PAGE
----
Worst-of-Both-Worlds Fiscal Policy
In the Shadow of the Hoover Institution Tower...

Microeconomic and Macroeconomic Excess Supply

In our normal, microeconomic world it is not a big deal when excess demand emerges in one market and excess supply emerges in another--it is, in fact, a good thing, because it induces shifts in production that make the structure of what is made correspond more closely to what people want (or perhaps to what the people with money want). There is excess demand in one industry. Sales exceed production, inventories fly off the shelves, and cupboards and supply chains become bare. Producers and entrepreneurs see large profit opportunities if they expand production to rebuild inventories and satisfy higher demand--and they do. They expand factories. They run more shifts. They offer workers more money for overtime, they offer workers more money to stay with their firm, and they offer workers not in the industry more money to come on over.

Where does the added supply of workers to swell the ranks of those in the industry whose products are in excess demand come from? From the industry whose products are in excess supply. There, producers see inventories piling up on their shelves. They are forced to liquidate products and lines of business at a loss. They are forced to lay off some workers, and lay off others lest they lose all their capital.

Overall unemployment may rise a bit or for a while as this process of adjustment takes place--it depends whether entrepreneurs and producers in the expanding industry where excess demand emerges are more or less on the ball, keen-eyed, and keen-witted than those in the industry where excess supply emerges and where businesses shrink. But the process of adjustment, even with frictional unemployment while it takes place, is a good thing--it makes us all richer. Attempts to stop it in its tracks or short-circuit its mechanisms are counterproductive and harmful. The end of the process comes and excess demand and supply are eliminated when there are more people making the things that are wanted more and fewer people making the things that are wanted less.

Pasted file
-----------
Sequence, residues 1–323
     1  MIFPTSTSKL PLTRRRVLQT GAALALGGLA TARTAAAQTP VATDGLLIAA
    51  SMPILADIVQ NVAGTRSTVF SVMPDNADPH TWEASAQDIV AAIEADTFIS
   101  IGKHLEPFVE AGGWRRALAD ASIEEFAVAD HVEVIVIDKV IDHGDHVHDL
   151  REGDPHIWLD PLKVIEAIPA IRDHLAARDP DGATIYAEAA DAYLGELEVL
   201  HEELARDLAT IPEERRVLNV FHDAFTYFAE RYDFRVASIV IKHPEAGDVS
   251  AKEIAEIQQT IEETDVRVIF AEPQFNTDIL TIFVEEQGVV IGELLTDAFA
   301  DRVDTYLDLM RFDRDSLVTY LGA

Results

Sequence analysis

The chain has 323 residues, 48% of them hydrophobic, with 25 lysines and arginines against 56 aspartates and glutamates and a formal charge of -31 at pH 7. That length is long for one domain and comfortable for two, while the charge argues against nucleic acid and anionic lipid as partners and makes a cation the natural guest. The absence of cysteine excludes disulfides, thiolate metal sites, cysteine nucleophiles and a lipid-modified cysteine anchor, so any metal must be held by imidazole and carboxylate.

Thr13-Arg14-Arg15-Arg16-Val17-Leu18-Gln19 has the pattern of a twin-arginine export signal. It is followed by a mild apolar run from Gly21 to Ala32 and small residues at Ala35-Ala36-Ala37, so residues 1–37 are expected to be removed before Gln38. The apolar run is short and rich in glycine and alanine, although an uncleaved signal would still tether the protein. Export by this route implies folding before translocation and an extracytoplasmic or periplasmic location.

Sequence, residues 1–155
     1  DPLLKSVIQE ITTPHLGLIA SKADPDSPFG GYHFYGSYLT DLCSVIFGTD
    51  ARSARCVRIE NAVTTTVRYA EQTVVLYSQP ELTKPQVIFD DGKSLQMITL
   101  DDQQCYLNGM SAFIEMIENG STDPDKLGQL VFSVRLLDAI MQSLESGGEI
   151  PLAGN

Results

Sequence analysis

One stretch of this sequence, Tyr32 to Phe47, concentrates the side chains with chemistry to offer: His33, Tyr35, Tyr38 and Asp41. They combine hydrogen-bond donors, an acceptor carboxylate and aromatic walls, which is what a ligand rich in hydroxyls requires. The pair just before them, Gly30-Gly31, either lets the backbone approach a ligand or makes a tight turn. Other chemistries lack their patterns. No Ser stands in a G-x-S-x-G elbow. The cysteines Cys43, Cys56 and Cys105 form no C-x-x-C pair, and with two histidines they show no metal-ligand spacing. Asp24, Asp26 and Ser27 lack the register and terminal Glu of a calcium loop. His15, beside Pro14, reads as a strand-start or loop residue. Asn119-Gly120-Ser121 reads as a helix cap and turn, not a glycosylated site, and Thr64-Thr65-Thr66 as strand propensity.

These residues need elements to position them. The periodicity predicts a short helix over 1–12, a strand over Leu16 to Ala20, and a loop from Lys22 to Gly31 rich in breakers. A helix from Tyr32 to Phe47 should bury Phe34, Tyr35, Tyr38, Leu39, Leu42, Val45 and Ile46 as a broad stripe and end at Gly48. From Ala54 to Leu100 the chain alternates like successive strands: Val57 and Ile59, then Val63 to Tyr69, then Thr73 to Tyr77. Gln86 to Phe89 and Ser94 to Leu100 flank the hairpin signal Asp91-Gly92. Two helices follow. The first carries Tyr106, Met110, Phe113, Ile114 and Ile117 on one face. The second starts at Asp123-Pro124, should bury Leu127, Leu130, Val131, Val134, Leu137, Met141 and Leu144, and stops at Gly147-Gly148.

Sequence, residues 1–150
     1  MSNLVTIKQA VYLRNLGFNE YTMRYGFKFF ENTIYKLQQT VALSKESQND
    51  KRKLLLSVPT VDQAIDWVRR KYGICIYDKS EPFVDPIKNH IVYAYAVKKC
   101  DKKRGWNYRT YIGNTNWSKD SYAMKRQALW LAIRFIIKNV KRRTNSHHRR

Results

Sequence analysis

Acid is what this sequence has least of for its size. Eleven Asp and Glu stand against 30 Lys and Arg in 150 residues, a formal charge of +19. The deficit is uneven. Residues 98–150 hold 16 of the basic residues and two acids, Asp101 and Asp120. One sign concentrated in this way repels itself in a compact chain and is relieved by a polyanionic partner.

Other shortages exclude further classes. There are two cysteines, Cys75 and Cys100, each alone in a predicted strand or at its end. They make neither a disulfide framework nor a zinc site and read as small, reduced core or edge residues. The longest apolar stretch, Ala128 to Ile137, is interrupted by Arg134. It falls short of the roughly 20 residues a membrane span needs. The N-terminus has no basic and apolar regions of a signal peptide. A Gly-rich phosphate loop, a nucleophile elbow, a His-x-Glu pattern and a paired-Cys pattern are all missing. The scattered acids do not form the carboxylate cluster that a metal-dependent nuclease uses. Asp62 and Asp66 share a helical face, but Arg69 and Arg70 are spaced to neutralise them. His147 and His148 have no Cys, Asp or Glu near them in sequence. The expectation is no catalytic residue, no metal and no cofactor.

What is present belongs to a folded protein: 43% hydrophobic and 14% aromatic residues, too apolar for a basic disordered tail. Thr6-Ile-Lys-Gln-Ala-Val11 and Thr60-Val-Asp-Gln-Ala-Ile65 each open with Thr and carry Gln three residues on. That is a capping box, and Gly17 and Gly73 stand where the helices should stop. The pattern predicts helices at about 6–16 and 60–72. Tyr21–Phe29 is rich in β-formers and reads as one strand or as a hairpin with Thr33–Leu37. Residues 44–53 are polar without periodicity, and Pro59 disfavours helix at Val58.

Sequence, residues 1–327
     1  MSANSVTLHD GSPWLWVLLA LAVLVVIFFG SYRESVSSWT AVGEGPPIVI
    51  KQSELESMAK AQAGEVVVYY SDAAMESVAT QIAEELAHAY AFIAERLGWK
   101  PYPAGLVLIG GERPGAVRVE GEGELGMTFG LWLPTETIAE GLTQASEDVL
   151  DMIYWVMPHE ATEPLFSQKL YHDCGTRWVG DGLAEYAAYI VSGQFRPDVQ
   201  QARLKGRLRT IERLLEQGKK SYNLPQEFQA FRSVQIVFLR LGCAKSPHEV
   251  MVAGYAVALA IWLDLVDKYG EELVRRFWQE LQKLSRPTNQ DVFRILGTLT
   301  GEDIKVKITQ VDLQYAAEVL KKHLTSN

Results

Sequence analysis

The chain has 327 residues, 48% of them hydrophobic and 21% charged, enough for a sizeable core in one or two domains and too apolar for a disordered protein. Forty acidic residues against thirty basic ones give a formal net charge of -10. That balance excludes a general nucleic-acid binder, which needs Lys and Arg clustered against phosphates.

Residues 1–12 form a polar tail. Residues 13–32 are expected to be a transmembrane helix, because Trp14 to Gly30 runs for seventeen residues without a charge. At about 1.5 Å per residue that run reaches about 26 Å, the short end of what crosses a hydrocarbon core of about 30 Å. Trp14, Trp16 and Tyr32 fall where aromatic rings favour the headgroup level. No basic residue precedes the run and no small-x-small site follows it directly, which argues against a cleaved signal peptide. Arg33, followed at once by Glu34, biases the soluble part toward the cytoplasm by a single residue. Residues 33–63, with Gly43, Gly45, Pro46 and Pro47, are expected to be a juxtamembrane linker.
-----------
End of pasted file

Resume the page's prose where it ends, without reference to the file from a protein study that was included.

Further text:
But in macroeconomics things are different. The excess supply is economy-wide--throughout all commodity markets, producing supply in excess of demand for goods, services, labor, and capacity. Producers and entrepreneurs respond to an aggregate demand shortfall just as individual producers respond to a particular shortfall of demand for their products: they hold sales to liquidate inventories, they cut prices, they cut wages to try to preserve margins, they fire workers. In the macroeconomic case, the dynamic process that leads to the elimination of excess supply and its counterbalancing excess demand in the microeconomic case gets underway--or, rather, half of it gets underway.

The problem is that the set of industries that are shrinking is made up of pretty-much-everybody. There are no industries that are expanding. The excess demand is not for the products of a goods-and-services producing industry that can rapidly ramp-up production by employing lots more labor. The excess demand is in finance: for means-of-payment, or safe high-quality assets, or for long-duration sales vehicles. There is a rise in unemployment from the flow out of goods-and-services producing industries where the excess supply has appeared. But there is no countervailing flow out of unemployment. How do you put large numbers of people to work making more Federal Reserve notes or increasing the supply of liquid assets that are means-of-payment that are the reserve deposits of banks? How do you shift the flow of production to instantaneously raise the stock of long-duration assets, of claims to wealth that are shares in companies with secure long-run prospects that are vehicles for moving purchasing power across time from the present to the future? You can't.